For Franz Kafka, the source of it all was children. It didn’t matter if the kids in his Prague neighborhood looked angelic. They all made the same hellish noise: “It drives me from my bed, out of the house in despair, with throbbing temples through field and forest, devoid of all hope like a night owl.” For Schopenhauer, who considered noise an impediment to clear thinking, it was the shrill sound of drivers whipping their horses: “The most inexcusable and disgraceful of all noises is the cracking of whips — a truly infernal thing when it is done in the narrow resounding streets of a town.” And Marcel Proust, a known sufferer of misophonia, lined his one-bedroom apartment at 102 Boulevard Hausmann with cork just to shut out noise.
Less well known until recently is how Proust delicately negotiated with, bartered and bribed his third-floor neighbor, Mme Marie Williams, to keep the racket down. Williams was the wife of an American dentist whose practice was in the same building. In 2013, Gallimard published a previously undiscovered collection of twenty-three letters addressed to Williams, dating back to 1908, which have been freshly and deftly translated for an English-speaking audience by Lydia Davis.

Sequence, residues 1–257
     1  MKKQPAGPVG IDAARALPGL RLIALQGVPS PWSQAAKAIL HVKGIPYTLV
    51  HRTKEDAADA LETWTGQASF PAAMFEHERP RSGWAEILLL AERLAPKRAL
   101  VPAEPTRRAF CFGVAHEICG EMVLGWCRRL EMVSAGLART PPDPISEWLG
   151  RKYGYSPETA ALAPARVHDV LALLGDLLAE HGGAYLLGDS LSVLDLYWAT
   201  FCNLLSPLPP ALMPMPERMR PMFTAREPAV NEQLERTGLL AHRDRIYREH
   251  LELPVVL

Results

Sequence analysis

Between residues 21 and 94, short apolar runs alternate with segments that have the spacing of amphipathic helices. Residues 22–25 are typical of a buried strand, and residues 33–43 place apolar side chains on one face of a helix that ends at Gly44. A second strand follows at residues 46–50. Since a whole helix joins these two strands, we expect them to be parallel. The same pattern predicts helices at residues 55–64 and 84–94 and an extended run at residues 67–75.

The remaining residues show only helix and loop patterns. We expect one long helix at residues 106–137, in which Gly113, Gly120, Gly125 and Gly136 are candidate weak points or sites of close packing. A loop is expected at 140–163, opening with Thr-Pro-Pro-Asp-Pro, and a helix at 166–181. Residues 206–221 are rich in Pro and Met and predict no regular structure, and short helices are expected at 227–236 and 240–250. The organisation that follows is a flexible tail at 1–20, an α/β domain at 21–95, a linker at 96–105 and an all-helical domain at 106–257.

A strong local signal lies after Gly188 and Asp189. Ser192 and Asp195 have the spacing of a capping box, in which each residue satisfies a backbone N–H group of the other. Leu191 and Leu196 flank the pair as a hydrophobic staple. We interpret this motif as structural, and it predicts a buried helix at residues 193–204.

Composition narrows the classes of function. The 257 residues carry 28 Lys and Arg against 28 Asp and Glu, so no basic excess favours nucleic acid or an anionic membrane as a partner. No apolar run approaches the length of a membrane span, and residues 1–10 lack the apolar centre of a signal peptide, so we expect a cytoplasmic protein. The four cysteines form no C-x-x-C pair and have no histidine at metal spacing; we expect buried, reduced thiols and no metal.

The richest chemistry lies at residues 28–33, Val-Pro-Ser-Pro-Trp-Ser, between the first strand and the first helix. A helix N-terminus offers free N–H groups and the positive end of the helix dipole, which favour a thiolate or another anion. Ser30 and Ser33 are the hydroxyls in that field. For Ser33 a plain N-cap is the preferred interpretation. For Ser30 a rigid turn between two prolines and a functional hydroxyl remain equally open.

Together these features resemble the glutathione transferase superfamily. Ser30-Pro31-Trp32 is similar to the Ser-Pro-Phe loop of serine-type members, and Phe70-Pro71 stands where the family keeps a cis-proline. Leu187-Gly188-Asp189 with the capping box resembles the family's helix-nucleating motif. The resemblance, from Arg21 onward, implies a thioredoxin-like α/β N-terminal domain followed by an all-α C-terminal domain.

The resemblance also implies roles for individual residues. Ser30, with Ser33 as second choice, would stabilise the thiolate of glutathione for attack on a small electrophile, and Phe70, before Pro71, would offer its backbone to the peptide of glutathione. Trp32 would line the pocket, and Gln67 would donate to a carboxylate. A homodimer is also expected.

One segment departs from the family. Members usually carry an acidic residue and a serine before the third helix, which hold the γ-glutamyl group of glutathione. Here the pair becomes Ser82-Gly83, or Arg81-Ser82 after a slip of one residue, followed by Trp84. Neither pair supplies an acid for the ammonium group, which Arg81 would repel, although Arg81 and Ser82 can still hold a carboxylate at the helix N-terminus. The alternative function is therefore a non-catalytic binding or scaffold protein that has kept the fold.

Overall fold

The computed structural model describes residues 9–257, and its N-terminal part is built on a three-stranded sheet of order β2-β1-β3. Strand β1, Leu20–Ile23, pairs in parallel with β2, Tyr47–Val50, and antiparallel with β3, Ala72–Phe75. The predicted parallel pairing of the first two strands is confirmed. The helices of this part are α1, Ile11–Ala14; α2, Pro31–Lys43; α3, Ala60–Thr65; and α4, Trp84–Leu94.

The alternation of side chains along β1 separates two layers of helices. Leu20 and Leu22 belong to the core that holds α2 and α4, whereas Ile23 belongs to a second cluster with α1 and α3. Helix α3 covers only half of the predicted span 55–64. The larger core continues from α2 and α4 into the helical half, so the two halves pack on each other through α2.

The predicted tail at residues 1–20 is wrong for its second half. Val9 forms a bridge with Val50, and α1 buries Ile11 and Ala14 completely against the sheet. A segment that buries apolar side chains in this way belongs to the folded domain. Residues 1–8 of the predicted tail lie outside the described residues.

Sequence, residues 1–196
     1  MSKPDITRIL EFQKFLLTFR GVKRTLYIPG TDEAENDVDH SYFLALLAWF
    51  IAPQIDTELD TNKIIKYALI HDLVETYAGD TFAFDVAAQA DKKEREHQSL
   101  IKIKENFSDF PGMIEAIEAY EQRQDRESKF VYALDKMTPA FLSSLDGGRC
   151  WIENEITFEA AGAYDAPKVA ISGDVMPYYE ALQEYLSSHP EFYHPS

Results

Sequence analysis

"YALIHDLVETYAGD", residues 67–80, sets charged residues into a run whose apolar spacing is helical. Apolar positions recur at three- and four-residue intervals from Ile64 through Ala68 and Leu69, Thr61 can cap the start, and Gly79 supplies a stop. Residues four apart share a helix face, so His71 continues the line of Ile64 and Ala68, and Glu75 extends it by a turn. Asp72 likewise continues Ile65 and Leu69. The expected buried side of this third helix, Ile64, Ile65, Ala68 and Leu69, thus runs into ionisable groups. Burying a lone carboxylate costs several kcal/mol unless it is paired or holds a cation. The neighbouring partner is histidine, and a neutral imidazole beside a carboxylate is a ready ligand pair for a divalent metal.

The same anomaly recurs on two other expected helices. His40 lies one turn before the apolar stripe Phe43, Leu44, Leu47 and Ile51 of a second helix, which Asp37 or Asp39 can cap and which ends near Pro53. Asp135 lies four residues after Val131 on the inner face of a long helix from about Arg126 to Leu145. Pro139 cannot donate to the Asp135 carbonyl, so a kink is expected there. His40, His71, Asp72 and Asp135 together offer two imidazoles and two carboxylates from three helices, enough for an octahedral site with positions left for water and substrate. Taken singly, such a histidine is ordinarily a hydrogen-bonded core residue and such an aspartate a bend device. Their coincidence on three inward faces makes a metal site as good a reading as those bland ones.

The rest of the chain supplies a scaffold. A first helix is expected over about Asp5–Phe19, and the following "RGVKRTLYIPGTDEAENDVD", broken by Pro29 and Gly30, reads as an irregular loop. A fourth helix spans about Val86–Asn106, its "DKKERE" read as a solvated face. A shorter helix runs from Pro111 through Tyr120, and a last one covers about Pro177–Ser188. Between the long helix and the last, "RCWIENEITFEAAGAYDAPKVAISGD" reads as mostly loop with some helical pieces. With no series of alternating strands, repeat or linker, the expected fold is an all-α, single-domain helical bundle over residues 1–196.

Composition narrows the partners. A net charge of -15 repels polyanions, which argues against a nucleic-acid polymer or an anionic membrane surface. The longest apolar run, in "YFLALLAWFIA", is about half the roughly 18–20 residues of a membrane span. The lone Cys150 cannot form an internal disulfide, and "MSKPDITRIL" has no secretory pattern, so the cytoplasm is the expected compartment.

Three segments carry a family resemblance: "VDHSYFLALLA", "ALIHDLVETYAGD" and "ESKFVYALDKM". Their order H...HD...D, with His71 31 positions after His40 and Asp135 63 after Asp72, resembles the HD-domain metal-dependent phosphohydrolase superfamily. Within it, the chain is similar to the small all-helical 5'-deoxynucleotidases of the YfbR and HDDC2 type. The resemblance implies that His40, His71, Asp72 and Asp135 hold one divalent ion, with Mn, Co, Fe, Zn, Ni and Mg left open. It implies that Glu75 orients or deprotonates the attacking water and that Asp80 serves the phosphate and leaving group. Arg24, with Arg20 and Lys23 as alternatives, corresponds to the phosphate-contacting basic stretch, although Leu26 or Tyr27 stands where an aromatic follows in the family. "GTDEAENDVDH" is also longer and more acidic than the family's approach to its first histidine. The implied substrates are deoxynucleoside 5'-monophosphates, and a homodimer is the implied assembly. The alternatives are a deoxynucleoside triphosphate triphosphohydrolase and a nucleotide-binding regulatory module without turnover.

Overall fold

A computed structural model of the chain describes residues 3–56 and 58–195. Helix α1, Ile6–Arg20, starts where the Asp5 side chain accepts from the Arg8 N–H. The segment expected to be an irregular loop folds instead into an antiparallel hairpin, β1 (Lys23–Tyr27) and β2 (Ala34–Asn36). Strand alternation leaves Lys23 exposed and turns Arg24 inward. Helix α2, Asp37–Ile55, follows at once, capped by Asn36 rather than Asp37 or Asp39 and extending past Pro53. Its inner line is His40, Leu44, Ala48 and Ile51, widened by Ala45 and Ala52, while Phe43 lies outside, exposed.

The letters are remarkable in part because they are not sent to distant correspondents in far-flung countries or even in adjacent cities but to recipients within the very same building, almost always traveling to-and-fro between a few floors. The letters thus seem to function as a means of evading emotional confrontation with those nearby. While it is clear that Proust’s sensitivity to noise is what drove him to write the letters, his pleas are often buried deep in the subtext. In one letter to Williams that chronicles his illness, and consequently, his inability to receive André Gide, he inserts an observation into the postscript: “The successor to the valet de chambre makes noise and that doesn’t matter. But later he knocks with little tiny raps. And that is worse.”